1. C.P.E. Bach’s middle name – Philipp – was given to him in honour of his godfather, the composer Georg Philipp Telemann.
  2. C.P.E. Bach is most associated with the dramatic and expressive ‘sensitive’ style of music.
  3. C.P.E. Bach had one of the most famous dads in all of music history – J.S. Bach.
  4. In 1738 C.P.E. Bach got a degree in Law.
  5. C.P.E. Bach worked mainly in Berlin and Hamburg, and is sometimes known as the ‘Berlin’ or ‘Hamburg’ Bach.

Play More Music!

Play More Music!

Here is more music to listen to. Click the + to see tracks and information about each work!


Sinfonia in D major, Wq. 183/1, H. 663

One of C.P.E. Bach’s most beloved symphonies, this inventive D major work has remained popular since its first performance.

Performers: Salzburg Chamber Philharmonic Orchestra; Yoon K. Lee

Taken from Naxos 8.553289

Sinfonia in G major, Wq. 183/4, H. 666

The symphonies in the Wq. 183 set are unusual, combining wind instruments fully with the strings to create a thick, impressive texture.

Performers: Salzburg Chamber Philharmonic Orchestra; Yoon K. Lee

Taken from Naxos 8.553289

Sinfonia in B flat major, Wq. 182/2, H. 658

The symphonies in Wq. 182 weren’t published during C.P.E. Bach’s lifetime, but have since become increasingly popular.

Performers: Capella Istropolitana; Christian Benda

Taken from Naxos 8.553285

Sinfonia in B minor, Wq. 182/5, H. 661

The symphonies in Wq. 182 were commissioned by Gottfried van Swieten, a great musical patron of the age. He wanted them to be ‘difficult’ in style.

Performers: Capella Istropolitana; Christian Benda

Taken from Naxos 8.553285


Cello Concerto in A major, Wq. 172, H. 439

C.P.E. Bach’s cello concertos have become classics in the cellist’s arsenal – challenging and always imaginative.

Performers: Tim Hugh, cello; Bournemouth Sinfonietta; Yoon K. Lee

Taken from Naxos 8.553298

Flute Concerto in D Minor, Wq. 22, H. 425

C.P.E. Bach’s best-known patron, Frederick the Great, was a talented and enthusiastic flautist. This is Bach’s most popular concerto for the instrument.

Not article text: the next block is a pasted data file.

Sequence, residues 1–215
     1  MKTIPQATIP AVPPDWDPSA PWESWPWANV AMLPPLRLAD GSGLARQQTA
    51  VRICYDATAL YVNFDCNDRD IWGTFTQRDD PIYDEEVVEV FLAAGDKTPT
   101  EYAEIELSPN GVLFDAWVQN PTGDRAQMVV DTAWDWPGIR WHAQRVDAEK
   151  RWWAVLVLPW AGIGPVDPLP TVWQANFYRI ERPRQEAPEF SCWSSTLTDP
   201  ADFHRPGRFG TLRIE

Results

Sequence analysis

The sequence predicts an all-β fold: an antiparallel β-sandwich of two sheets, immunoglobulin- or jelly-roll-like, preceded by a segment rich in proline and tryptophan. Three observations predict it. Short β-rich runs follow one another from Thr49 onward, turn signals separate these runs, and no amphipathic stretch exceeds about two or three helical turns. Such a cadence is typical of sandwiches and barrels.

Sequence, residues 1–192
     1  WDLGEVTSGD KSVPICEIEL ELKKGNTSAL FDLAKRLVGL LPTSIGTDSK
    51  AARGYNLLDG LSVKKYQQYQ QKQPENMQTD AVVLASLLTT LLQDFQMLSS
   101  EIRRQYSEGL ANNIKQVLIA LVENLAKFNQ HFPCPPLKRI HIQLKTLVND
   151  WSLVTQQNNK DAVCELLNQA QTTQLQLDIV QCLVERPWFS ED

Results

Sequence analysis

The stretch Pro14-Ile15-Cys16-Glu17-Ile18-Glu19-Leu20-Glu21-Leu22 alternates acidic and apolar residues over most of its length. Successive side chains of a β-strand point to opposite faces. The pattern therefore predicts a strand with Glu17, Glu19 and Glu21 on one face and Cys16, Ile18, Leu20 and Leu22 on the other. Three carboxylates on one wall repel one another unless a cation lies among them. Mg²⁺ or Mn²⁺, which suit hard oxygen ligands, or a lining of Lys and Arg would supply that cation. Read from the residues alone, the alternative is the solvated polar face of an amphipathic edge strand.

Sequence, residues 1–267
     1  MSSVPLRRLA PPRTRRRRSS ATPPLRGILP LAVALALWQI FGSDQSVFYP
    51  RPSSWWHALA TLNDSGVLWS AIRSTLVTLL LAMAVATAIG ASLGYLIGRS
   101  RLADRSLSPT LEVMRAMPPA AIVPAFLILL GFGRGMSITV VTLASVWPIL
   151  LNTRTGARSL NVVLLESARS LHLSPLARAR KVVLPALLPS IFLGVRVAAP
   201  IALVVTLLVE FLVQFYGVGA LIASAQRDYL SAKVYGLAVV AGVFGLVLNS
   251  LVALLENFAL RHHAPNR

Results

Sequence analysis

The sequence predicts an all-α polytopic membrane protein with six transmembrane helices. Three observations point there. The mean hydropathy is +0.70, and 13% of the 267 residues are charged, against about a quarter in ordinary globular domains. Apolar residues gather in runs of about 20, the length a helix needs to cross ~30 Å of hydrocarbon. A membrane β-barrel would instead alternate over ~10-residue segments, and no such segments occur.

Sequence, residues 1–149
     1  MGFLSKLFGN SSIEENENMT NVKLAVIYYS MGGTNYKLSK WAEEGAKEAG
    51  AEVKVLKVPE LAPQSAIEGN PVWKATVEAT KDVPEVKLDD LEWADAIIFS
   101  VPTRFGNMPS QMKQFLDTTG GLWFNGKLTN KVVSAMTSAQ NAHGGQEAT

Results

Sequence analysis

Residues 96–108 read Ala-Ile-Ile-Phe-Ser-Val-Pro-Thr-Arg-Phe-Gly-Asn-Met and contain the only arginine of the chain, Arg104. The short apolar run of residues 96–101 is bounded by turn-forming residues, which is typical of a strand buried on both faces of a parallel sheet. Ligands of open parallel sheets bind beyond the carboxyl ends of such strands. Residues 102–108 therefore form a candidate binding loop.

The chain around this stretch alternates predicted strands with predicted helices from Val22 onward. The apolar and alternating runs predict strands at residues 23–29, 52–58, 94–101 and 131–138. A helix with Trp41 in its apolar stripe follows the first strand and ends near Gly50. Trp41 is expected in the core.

Performers: Scott Goff, flute; Seattle Symphony Orchestra; Gerard Schwarz

Taken from Naxos 8.571208

Oboe Concerto in B flat major, Wq. 164, H. 466

C.P.E. Bach wrote two concertos for oboe and strings, arranged in 1765 from two harpsichord concertos written in the same year.

Performers: József Kiss, oboe; Budapest Ferenc Erkel Chamber Orchestra

Taken from Naxos 8.550556

Keyboard Music

Keyboard Sonata in A major, Wq. 70/1, H. 133

C.P.E. Bach was a gifted keyboardist, and he wrote loads of sonatas for the instrument. Today we often play them on the piano, but they can be played on other keyboard instruments too, such as the tinkly harpsichord.

Performers: François Chaplin, piano

Taken from Naxos 8.553640

Organ Sonata in B flat major, Wq. 70/2, H. 134

The organ doesn’t always come to mind when we think about keyboard sonatas, but C.P.E. Bach wrote a sequence of them for Frederick the Great’s sister, Anna Amalia, who had an organ built at her home.

Performers: Iain Quinn, organ

Taken from Naxos 8.573424

Rondo in D minor, Wq. 61/4, H. 290

Not all of C.P.E. Bach’s music for keyboard took the form of a sonata – he also wrote rondos, for example: one-movement pieces featuring a section that keeps returning.

Performers: Christopher Hinterhuber, piano

Taken from Naxos 8.557450

Keyboard Sonata in F sharp minor, Wq. 52/4, H. 37

F sharp minor – intense and mournful – is quite an unusual key for a composer to write music in at this time. C.P.E. Bach explores it magnificently here!

Performers: Christopher Hinterhubner, piano

Taken from Naxos 8.557450